Volunteer firefighters train with burn trailer
HARTS, W.Va. -- Brent Ferrell and his teammate dropped to the floor and crawled inside the smoke-filled trailer Saturday with a long hose and one goal on their minds: extinguish the small fire on the other side.
Ferrell was one of about 17 student volunteer firefighters at Harts Volunteer Fire Department who took part in a training course Saturday to become certified volunteer firefighters. The students entered West Virginia University's Mobile Fire Training Unit -- a live-fire training module that can be set on fire repeatedly -- and battled blazes in an effort to earn their uniform.
His first time training in the 53-foot-long trailer, Ferrell, 18, said he successfully put the fire out with the help of his teammate and focus.
"The darkness affected my vision and I couldn't see so I had to keep my hands on the wall to find my way to the fire," Ferrell said. "I want to help out the community. I don't want to be a hero, but I want people to know they can depend on me."
In order for firefighters to become certified, they have to complete numerous courses, including live-fire demonstrations, said Brian Grieco, a WVU Fire Service Extension Rescue adjunct instructor.
The mobile fire-training unit mimics a structural fire a firefighter would encounter inside a home or any building, he said. The nearly one-million-dollar propane-fueled trailer is environmentally friendly and can be set on fire repeatedly without burning unnecessary wood or hay, said Grieco.
"This is the most realistic training I know of," said Dominick Fraley, a WVU Fire Service Extension instructor and engineer with the Huntington Fire Department. "They have live burn buildings but there's a huge EPA compliance and they're a one time use. This is as close as they can get to a live structure fire."
Firefighters-in-training enter the 16 feet high, 8 feet wide trailer in full gear with a hose and one teammate. Completely filled with smoke, the trailer has moveable stainless steel walls and props to give students a different, realistic fire scene every time, Grieco said.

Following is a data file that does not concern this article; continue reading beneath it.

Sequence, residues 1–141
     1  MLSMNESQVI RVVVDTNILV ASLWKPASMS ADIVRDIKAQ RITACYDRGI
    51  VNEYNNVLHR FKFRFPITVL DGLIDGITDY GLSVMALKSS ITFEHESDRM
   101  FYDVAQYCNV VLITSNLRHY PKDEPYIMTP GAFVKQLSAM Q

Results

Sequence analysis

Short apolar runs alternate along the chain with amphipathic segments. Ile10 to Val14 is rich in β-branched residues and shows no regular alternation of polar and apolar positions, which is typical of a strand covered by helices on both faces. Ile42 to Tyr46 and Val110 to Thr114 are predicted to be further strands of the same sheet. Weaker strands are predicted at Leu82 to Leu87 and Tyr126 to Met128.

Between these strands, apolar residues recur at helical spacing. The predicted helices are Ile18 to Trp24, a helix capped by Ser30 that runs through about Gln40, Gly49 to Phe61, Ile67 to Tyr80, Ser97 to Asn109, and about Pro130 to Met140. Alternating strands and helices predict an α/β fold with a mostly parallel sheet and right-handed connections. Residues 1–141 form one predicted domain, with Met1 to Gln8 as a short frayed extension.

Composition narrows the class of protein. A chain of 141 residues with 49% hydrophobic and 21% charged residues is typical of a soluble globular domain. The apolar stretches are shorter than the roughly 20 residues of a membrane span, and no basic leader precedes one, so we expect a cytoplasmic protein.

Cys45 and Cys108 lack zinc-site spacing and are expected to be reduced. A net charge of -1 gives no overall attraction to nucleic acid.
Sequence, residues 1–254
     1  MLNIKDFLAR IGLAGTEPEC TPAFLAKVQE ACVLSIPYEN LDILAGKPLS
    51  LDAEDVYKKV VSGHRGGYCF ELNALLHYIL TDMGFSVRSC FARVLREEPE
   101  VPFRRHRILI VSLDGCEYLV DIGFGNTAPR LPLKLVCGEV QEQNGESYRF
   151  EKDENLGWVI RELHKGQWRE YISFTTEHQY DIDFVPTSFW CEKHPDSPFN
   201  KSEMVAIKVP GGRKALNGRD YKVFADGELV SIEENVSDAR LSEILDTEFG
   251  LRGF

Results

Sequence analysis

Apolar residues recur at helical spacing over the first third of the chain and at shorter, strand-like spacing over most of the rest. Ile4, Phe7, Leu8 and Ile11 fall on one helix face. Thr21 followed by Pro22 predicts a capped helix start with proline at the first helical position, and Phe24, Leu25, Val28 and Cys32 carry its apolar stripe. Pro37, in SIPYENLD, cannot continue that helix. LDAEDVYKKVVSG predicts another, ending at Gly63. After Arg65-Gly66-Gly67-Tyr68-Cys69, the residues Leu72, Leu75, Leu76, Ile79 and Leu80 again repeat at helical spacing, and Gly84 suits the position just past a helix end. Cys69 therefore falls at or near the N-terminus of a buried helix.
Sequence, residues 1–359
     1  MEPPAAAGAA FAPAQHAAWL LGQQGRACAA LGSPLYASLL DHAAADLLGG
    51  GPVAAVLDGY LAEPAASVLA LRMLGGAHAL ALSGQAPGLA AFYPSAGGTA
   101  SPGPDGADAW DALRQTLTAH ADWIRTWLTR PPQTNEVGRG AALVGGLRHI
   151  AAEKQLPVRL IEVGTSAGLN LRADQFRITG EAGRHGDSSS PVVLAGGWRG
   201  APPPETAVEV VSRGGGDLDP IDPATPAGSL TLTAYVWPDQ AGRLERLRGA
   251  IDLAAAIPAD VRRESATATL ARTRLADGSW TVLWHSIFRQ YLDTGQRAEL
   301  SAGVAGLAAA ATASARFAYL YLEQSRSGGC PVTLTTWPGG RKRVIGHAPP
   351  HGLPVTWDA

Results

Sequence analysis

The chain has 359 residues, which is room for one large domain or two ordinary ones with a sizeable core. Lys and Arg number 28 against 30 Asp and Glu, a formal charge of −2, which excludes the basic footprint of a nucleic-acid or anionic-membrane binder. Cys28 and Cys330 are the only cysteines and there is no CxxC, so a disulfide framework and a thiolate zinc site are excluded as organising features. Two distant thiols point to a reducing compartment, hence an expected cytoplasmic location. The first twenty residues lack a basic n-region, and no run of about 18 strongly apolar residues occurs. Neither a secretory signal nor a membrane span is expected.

Temperatures can reach up to 1500 degrees in the trailer but at floor level -- where students crawl -- it can get up to 400 degrees, he said.
As students crawled through the smoky trailer in pairs, Grieco, who is also Deputy Chief with the City of Huntington Fire Department, managed the control room. The small cubby inside the mobile fire-training unit has computers that sense how much water is sprayed on the fire to determine when it is "out."
"The computer-operated sensors sense heat and water until [students] put the water in the right place. The fire will flare back up if they don't put it out ... just like in a house, a mattress would continue to catch fire if they don't keep water on it long enough to keep the fire out."
Two instructors stand inside the trailer in case a student needs any help and a red emergency button can turn everything off, Grieco said. Instructors also use radios to communicate in the completely controlled environment, he said.
Students have been training at Harts Volunteer Fire Department since January, Fraley said. Last weekend, students trained in the smoke-filled unit with dummies -- another training technique used to learn how to properly move an individual out of a burning building, Fraley said.
Students also practiced putting out a vehicle fire in a propane-fueled Ford van, one of Kelli Bailey's favorite training courses. The Cabell Midland High School senior said she wants to be a volunteer firefighter so she can help those in her community. Bailey, 18, doused fires in the mobile fire-training unit two years ago but her second time wasn't a waste.
"This time it wasn't as hard. I know what to expect with putting the fire out but there's always something new to learn," Bailey said.
Students will take the written test next weekend to become certified volunteer firefighters.
The Mobile Fire Training Unit debuted in 2007 at a fire school at the Putnam Career and Technical Center in Eleanor. WVU Fire Service Extension's unit is the only fire-training unit in the state. Reach Megan Workman at firstname.lastname@example.org or 304-348-5113.